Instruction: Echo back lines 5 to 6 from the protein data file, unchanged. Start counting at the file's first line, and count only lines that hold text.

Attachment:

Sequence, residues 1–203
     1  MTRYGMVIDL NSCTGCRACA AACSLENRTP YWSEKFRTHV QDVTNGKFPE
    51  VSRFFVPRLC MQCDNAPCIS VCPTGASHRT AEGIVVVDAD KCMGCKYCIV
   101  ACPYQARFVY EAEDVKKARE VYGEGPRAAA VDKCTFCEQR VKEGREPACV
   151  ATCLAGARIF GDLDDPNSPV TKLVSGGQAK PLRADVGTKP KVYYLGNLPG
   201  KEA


   151  ATCLAGARIF GDLDDPNSPV TKLVSGGQAK PLRADVGTKP KVYYLGNLPG
   201  KEA